Brian Selfridge: [00:01:56] This story rips me up personally. This is the reason we get out of bed every day here at Meditology to help health care organizations avoid these types of outcomes. Those of us in the industry have known for some time that the likelihood of patient fatalities resulting from cyberattacks has been growing day by day. Medical devices, for example, have been at the top of the list of systems most likely to lead to adverse patient outcomes due to unavailable or malfunctioning devices from attacks, including ransomware. Our team here at Meditology performed an analysis earlier this year of the FDA's MAUD database relating to patient deaths reported from medical device and system issues. There are multiple instances in the MAUD database of patients dying due to devices that rebooted, froze up or were otherwise unavailable at critical junctures, including surgeries. As ransomware attacks mount and our systems remain vulnerable, I'm afraid that we may see more of these cases, like the terrible event in Germany playing out over the next several years.

Brian Selfridge: [00:02:49] In other news, on the regulatory side of things, OCR issued another fine this week to the Athens Orthopedic Clinic in Northeast Georgia. The clinic was fined $1.5 Million for violations stemming from a database of over 208,000 patient records that was exposed and posted online by malicious attacker. An attacker going by the moniker "The Dark Overlord" had compromised a vendor's access credentials in June 2016 and had access to the clinic systems into July of that year. As is commonly the case, the data breach was the reason the OCR launched an investigation and the resolutions and fines were related to multiple gaps in compliance with the HIPAA Security Rule in particular. Specifically, the resolution agreement cites issues with maintaining HIPAA policies and procedures, audit logging and monitoring practices, business associate agreement (BAA) with their third-party vendor, Quest Records LLC was not in place where the breach originated. HIPAA security and privacy training for the workforce was not in place, and our favorite, most common cited area a lack of accurate and thorough risk analysis and related corrective actions.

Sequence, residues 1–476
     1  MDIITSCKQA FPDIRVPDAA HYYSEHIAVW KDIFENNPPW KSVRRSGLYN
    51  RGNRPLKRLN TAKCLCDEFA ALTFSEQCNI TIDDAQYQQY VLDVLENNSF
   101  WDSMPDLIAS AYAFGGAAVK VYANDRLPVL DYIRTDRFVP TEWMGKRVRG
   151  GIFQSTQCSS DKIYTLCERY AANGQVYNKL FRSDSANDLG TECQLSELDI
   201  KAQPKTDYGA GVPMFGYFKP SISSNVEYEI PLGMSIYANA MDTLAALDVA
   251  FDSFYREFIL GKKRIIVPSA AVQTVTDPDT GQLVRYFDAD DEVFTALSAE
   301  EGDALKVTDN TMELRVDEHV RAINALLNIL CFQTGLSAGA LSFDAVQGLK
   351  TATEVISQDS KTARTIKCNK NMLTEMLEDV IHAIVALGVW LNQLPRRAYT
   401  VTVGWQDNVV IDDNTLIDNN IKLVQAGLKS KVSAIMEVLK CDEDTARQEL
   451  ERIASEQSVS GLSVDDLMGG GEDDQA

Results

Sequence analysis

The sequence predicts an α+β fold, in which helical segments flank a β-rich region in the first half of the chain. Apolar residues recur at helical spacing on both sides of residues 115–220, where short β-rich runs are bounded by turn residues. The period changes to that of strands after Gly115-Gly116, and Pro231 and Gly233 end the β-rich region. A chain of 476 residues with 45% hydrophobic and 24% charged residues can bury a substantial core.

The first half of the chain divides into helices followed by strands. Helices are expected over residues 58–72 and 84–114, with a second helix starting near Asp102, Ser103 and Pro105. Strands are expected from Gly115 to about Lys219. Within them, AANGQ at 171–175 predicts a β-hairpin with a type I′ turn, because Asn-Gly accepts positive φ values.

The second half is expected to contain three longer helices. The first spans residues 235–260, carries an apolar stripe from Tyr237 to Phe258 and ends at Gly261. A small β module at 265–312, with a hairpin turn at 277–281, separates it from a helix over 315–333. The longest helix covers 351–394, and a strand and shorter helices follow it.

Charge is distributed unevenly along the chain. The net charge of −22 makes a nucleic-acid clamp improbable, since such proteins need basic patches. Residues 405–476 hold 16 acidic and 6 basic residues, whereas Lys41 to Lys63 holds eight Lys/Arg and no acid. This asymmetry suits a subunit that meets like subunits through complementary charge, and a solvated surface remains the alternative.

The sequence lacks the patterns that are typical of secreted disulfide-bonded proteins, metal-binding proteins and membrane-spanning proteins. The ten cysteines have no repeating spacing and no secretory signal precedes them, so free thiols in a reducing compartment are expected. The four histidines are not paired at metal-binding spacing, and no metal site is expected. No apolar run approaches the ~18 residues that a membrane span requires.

Brian Selfridge: [00:03:55] We discussed in our last few episodes that the new king of data breaches this year in health care is no longer lost or stolen devices and encryption per se, although that's still high on the list. But it's now all about hacking incidents. We saw that with the IBM data breach report. We saw that with those stats that OCR put out. The implication of a third-party vendor and business associate in this particular case is also a trend that we see continuing to play out as health care becomes increasingly dependent on third parties to deliver care and manage their operations. You can check out our joint presentation earlier this year with OCR that is dedicated to the third party in Business Risk Associates topic. A replay of the webinar is available at Meditology Services Dotcom in our resource center.